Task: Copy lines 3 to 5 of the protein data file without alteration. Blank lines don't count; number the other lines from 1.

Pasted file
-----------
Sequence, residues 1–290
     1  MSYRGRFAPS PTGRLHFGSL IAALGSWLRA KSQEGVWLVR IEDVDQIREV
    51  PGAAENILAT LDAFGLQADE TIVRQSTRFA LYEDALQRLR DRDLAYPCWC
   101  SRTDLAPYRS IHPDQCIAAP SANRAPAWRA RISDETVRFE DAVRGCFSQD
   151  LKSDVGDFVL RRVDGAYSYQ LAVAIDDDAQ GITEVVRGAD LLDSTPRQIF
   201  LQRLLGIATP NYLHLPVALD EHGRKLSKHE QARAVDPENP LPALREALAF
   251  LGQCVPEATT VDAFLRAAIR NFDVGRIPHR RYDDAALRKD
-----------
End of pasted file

    51  PGAAENILAT LDAFGLQADE TIVRQSTRFA LYEDALQRLR DRDLAYPCWC
   101  SRTDLAPYRS IHPDQCIAAP SANRAPAWRA RISDETVRFE DAVRGCFSQD
   151  LKSDVGDFVL RRVDGAYSYQ LAVAIDDDAQ GITEVVRGAD LLDSTPRQIF